A Sea of Statistics
Super Moderator
Re: ASME GD&T Certification Test - Converting Coordinate Tolerances to Profile Tolera

Good Day David & Paul,

Thank you very much for your assistance....I'll scan an example and post later this afternoon. Hopefully, this will provide a bit more insight...

Regards,
Marty

optomist1

A Sea of Statistics
Super Moderator
Re: ASME GD&T Certification Test - Converting Coordinate Tolerances to Profile Tolera

Thanks for the prompt....Stijloor

optomist1

A Sea of Statistics
Super Moderator
Re: ASME GD&T Certification Test - Converting Coordinate Tolerances to Profile Tolera

Hi To All,

Regarding my earlier post attached is an example problem....I get the concept and can translate Coordinate to Profile....just curious if similar type of problems were presented on the Technologist/Senior exam.

Marty

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Paul F. Jackson

Quite Involved in Discussions
Re: ASME GD&T Certification Test - Converting Coordinate Tolerances to Profile Tolera

Notice the prerequisite 1)Determine the datum features... limit tolerances do not typically have defined datum reference frames unless they are declared in a note or established by an origin symbol.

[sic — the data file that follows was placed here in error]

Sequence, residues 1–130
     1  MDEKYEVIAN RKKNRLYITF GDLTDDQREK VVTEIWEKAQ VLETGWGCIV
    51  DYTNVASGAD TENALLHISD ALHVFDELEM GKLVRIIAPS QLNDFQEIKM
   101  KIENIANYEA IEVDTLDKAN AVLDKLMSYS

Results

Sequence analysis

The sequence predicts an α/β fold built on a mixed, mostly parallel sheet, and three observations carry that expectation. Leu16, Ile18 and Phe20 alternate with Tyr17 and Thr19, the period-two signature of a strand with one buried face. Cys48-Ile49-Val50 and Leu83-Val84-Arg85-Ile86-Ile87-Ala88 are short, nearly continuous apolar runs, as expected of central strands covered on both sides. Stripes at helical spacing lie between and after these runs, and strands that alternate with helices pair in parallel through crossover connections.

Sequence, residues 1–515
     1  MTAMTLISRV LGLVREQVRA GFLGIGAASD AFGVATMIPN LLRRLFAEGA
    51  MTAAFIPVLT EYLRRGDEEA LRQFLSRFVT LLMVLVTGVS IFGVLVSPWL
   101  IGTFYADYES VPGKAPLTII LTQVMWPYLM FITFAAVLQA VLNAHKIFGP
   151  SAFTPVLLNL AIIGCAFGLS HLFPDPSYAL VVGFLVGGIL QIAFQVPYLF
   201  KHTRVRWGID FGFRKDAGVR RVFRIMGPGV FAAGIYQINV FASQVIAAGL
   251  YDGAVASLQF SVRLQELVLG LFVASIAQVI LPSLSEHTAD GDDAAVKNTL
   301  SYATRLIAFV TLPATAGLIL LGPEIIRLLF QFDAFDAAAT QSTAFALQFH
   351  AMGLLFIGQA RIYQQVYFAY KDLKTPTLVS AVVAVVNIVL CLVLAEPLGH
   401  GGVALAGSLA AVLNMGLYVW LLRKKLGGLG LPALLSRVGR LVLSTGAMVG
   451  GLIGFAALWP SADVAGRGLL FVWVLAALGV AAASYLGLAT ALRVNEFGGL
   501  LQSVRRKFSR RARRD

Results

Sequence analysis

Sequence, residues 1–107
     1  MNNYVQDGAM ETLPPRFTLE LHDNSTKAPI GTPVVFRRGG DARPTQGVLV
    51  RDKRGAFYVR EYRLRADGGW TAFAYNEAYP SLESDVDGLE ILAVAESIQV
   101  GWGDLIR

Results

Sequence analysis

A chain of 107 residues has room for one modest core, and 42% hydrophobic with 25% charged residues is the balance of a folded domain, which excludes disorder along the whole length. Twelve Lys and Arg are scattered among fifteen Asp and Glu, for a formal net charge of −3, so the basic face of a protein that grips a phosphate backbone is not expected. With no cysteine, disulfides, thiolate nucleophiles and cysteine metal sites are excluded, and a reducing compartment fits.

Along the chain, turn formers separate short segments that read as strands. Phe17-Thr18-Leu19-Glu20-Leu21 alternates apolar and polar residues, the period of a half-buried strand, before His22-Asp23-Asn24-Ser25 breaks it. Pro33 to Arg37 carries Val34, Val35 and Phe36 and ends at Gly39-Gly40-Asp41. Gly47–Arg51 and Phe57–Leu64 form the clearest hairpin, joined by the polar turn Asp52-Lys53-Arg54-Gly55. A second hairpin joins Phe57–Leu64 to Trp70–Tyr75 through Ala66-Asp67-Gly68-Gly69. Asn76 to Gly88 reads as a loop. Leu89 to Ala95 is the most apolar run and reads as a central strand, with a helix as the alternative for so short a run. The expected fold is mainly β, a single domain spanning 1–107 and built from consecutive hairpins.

You can replace a limit tolerance with a surface profile tolerance applied to a non feature of size but it is not necessarily equivalent... The example you cited from Alex Krulikowski's materials uses the top surface as the datum feature... but he could have alternatively used the bottom surface as the datum feature.

Keep in mind that in the real world the surfaces are never perfectly parallel, using the larger would typically moderate the result and the smaller typically amplify it. I say tyypically because the three points determining the datum plane may not behave as predicted.

With the profile control one would expect that the inspection results would be more consistent because all would have measure according to the callout rather than choosing their own reference. I think that is Alexs' point in this illustration.

Paul

optomist1

A Sea of Statistics
Super Moderator
Re: ASME GD&T Certification Test - Converting Coordinate Tolerances to Profile Tolera

Hi Paul,

Thank you for the thorough response, I get it. Alex's/ETI's text is a great study guide, this together with the Y14.5M - 1994 text is my study guide.

I am just completing ETI's Advanced Concepts of GD&T....then study study study study......